Flying High

Class of 1877 | At the first meet of the Intercollegiate Athletic Association in 1876, a Penn junior named Hugh deLaussett Willoughby C1877 won the running broad jump, as it was then called, by leaping 18 feet 3 1/2 inches through the air. Not much of a jump by today’s standards, maybe, but good enough to win that day in Saratoga, and thus make Willoughby Penn’s first intercollegiate champion.

Willoughby blazed some other trails at Penn, where he studied mining and geological engineering. He was the first student-athlete to wear a Red and Blue letter, and he was a member of Penn’s first football team in 1876 (its record was 1-2).

He would later claim that as a 14-year-old boy in 1870, he had brought the first bicycle and the first dry-plate photography apparatus back from France (where he was visiting with his family) to the United States. While the claims to primacy are debatable—the records show that someone had applied for a bicycle patent in the U.S. in 1866—he was clearly ahead of his time at a young age. And he would become a pioneer of motion: in the air, on land, and by sea.

According to Who’s Who in American Aeronautics, Willoughby’s love affair with the air dates from 1894, when he began making airplane models inspired by photographs of soaring birds. After taking photographs of the Paris Exhibition in 1900 from the vantage point of a balloon, he took what are believed to be the first aerial photographs of Philadelphia in 1908.

That same year he is said to have assisted Orville Wright with one of his Army demonstration flights at Fort Myer, Virginia, near Washington. Just how he assisted is not clear, though. In a letter to Willoughby written on December 26, 1908, Wright wrote: “The planes of the machine I used at Washington were not flat, as you seem to think, but curved downward at the ends.” In another letter, Wright concluded that he and his brother “shall be very glad if you find it possible to run down to see us” in Washington the following spring.

Whatever the extent of their professional relationship, Willoughby was certainly in on the ground floor of the flying revolution, and the Wright brothers made use of some of his technical innovations. In 1909 he designed and built a large bi-plane called the War Hawk, and by 1911 he was touting his latest invention, a “hydro-aeroplane” named Pelican. (“The sport of hydro-aeroplaning,” Willoughby told a newspaper in October 1911, “will supplant the racing motor boat among the men who want to drive fast and get a thrill that is a combination of fast motor boating and aeroplaning and the best part of the hydro aeroplane is that it is absolutely safe.”) He would end up holding more than a dozen patents for his aerial inventions, and for years he was listed as the oldest licensed airplane pilot in the country.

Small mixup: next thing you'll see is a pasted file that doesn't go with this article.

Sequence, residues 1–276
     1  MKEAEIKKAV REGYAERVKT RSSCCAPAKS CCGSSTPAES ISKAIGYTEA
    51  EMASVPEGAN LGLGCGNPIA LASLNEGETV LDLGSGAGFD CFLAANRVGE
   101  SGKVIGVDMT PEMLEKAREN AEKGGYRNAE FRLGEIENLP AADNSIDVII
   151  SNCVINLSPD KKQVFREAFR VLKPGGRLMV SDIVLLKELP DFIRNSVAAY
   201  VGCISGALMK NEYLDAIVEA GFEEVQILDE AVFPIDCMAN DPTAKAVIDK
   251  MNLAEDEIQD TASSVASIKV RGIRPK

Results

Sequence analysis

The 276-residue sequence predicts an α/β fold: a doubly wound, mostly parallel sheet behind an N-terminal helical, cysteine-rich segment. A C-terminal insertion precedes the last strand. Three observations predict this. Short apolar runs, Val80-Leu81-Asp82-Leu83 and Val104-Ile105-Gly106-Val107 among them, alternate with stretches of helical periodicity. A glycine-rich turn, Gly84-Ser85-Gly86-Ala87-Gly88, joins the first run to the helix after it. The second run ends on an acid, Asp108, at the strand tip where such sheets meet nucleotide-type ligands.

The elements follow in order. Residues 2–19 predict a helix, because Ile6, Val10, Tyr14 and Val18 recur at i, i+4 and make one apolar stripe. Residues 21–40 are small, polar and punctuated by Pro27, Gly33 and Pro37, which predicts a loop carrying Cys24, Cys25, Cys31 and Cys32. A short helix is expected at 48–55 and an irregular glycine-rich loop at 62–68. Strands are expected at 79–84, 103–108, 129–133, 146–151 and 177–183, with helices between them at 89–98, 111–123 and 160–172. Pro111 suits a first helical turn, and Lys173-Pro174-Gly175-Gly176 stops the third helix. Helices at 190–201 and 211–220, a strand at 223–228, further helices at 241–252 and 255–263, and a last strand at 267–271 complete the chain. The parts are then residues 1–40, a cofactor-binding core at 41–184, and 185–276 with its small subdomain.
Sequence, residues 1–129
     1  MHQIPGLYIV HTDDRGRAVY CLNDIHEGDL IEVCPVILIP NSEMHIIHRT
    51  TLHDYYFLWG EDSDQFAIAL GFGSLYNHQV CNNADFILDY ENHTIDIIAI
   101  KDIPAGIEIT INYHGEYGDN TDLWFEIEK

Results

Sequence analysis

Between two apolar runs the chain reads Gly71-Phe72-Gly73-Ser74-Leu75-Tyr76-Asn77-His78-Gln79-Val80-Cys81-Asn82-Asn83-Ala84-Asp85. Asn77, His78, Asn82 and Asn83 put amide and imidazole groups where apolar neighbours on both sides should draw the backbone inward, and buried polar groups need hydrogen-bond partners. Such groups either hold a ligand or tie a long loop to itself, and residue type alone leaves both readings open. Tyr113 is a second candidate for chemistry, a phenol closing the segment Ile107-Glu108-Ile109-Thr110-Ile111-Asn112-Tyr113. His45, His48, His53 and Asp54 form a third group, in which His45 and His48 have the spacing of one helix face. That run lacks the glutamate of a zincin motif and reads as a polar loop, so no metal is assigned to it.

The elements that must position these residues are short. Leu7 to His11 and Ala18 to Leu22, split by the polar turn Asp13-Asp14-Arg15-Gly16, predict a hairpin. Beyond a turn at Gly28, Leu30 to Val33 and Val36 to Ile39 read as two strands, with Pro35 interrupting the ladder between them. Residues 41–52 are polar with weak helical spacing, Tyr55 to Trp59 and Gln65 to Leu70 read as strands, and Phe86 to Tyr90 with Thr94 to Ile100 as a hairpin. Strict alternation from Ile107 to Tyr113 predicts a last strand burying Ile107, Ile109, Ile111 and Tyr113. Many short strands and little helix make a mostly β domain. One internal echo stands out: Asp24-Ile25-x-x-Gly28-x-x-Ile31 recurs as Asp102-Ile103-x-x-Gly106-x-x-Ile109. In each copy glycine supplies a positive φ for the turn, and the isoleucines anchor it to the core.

Willoughby liked fast cars, too. In 1903 he set a record by driving an automobile from Philadelphia to Newport, Rhode Island, in 20 1/4 hours, which included four flat tires and a ferry ride from Long Island to New London, Connecticut. Nine years later he established another record by driving his Hupmobile from Newport to Jacksonville, Florida, in 19 days, despite some “execrable” roads in southern Georgia and northern Florida.

Willoughby also had a thing for water, even in his Penn days, when he was a member of the College Barge Club. Two decades later, he organized and commanded the Naval Reserve of Rhode Island, then enrolled in the Naval War College, graduating in 1896. He worked with the Navy in developing its early submarines, and his speedboat, Seminole, was said to be the first in the U.S.

He first saw South Florida on a fishing trip shortly after graduating from Penn, and would spend much of his life there—first on his houseboat, Manatee, and later in the house he built at Sewall’s Point. In 1897 he and a guide spent 15 days canoeing through the Everglades, from the Harney River to Miami. In his book, Across the Everglades, he effectively disproved the notion that the Everglades was a swamp, noting that “pure water is running in it, and no stagnant pool can be found.”

By the time he died in 1939 at the age of 82, newspaper editors had trouble summing up his life in a short headline. “Pioneer in Aviation Was one of Penn’s first Great Athletes,” wrote one. A chapter in a book on Southeast Florida Pioneers may have put it best. “Hugh deLaussett Willoughby,” it was titled. “Farther, Faster, Higher.”—S.H.

Much of the research for this piece was provided by George H. Stewart W’53—who, along with his wife, Betsy Bratton Stewart DH’52, and fellow alumni James F. Conway W’49, John Deuchler W’50 WG’51, Nancy McFadden Schroth NTS’57, and Walter Schroth W’58, live in the Willoughby Golf Club Community in Stuart, Florida, where Jack Mitchell W’46 is a “valued member of our golf staff.”


©2005 The Pennsylvania Gazette
Last modified 01/05/05


Alumni: Profiles : Events :
Notes : Obituaries

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Trail blazer Hugh Willoughby
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